Home > Under One Roof (The STEMinist Novellas #1)

Under One Roof (The STEMinist Novellas #1)
Author: Ali Hazelwood




   I look at the pile of dishes in the sink and reach a painful realization: I’ve got it bad.

   Actually, scratch that. I already knew I had it bad. But if I hadn’t, this would be a dead giveaway: the fact that I cannot glance at a colander and twelve dirty forks without seeing Liam’s dark eyes as he leans against the counter, arms crossed on his chest; without hearing his stern-yet-teasing voice asking me, “Postmodern installation art? Or are we just out of soap?”

   It comes right on the trail of arriving home late and noticing that he left the porch light on for me. That one . . . oh, that one always makes my heart hiccup in a half-lovely, half-wrenching way. Also heart-hiccup inducing: I remember to turn it off once I’m inside. Very unlike me, and possibly a sign that the chia seed sludge he’s been making me for breakfast in the mornings when I’m late for work is actually making my brain smarter.

   It’s good that I’ve decided to move out. For the best. These heart hiccups are not sustainable in the long term, not to my mental or cardiovascular health. I’m only a humble beginner at this whole pining thing, but I can safely state that living with some guy you used to hate and somehow ended up slipping in love with is not a wise move. Trust me, I have a doctorate.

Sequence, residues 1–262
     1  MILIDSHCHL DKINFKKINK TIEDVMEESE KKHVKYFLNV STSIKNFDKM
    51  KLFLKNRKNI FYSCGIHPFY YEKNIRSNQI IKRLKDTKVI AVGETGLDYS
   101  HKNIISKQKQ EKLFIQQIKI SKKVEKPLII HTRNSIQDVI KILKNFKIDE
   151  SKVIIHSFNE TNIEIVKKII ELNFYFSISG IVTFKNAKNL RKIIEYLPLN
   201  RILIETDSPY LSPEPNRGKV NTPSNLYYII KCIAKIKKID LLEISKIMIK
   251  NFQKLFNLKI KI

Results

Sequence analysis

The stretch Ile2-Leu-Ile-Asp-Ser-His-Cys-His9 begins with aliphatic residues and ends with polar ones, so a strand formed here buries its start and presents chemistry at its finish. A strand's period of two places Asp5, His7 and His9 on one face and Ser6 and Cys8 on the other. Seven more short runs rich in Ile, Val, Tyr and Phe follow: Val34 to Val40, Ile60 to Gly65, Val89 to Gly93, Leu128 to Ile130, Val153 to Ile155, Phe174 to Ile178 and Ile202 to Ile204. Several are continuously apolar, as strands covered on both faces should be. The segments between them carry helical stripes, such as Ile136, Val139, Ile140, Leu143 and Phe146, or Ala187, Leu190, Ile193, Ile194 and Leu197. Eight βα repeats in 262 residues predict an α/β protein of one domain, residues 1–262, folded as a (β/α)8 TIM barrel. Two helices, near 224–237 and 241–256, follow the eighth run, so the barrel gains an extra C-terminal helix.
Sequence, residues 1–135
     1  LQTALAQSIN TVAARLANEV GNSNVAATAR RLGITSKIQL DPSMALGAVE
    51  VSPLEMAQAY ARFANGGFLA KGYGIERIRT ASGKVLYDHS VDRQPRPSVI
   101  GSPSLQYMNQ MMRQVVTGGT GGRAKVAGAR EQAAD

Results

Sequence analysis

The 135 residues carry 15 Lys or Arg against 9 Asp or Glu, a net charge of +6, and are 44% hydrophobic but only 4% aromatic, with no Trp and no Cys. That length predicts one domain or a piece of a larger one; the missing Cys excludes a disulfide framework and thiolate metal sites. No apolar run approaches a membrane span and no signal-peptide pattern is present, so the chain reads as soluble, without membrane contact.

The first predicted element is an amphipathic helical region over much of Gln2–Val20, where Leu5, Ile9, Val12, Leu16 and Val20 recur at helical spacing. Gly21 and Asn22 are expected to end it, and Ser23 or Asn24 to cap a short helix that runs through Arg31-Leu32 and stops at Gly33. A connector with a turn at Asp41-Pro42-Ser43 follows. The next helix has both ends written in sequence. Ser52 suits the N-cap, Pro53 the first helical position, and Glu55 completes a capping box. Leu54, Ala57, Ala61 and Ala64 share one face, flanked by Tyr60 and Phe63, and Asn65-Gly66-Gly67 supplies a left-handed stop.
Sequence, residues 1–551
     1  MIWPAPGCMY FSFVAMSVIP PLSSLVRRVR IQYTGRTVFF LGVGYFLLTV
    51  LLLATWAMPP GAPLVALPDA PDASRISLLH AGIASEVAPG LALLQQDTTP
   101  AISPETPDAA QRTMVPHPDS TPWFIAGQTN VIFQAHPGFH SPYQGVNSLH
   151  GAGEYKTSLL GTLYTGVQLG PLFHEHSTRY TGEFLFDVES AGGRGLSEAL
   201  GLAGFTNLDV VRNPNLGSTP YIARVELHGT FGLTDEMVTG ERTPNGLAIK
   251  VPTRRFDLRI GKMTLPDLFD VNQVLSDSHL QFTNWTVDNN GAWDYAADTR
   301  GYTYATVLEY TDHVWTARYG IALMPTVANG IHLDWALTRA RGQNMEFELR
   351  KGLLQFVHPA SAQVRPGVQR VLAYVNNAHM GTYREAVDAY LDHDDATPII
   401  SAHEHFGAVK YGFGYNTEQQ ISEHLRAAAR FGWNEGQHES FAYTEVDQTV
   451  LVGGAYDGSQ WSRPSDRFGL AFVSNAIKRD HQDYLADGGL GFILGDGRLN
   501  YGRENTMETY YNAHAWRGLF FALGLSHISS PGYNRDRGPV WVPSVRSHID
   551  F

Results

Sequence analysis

(In a totally unrelated field, but still.)

   You know what is good about the pining? The constant nervous energy. It has me looking at the pile of dishes and thinking that cleaning the kitchen could be a fun activity. When Liam enters the room, I’m riding the unexpected urge to load the dishwasher as far as it will carry me. I glance up at him, notice the way he nearly fills the doorframe, and order my heart not to hiccup. It does it anyway—even adds a flip for good measure.

   My heart’s a jackass.

   “You’re probably wondering if a sniper is forcing me to do the dishes at gunpoint.” I beam at Liam without really expecting him to smile back, because—Liam. He’s next to impossible to read, but I’ve long stopped trying to see his amusement, and I just let myself feel it. It’s nice, and warm, and I want to bathe in it. I want to make him shake his head, and say “Mara” in that tone of his, and laugh against his better judgment. I want to push up on my toes, reach out to fix the dark strand of hair on his forehead, burrow into his chest to smell the clean, delicious smell of his skin.

   But I doubt he wants any of that. So I turn back to rinse a cereal bowl hiding under the colander.

   “I figured you were being mind-controlled by those parasitic spores we saw on that documentary.” His voice is low. Rich. I will miss it so, so much.

   “Those were barnacles— See, I knew you fell asleep halfway.” He doesn’t reply. Which is fine, because—Liam. A man of few smiles and even fewer words. “So, you know the neighbors’ puppy? That French bulldog? He must have gotten away during a walk, because I just saw him run toward me in the middle of the street. Leash hanging from his neck and all.” I reach out for a towel and my hand bumps into him. He’s standing right behind me now. “Oops. Sorry. Anyway, I carried him back home and he was so cute . . .”

   I stop. Because all of a sudden Liam is not just standing behind me. I’m being crowded against the sink, the edge of the counter pressed into my hip bones, and there’s a tall wall of heat flat against my back.

   Oh my God.

   Is he . . . Did he trip? He must have tripped. This is an accident.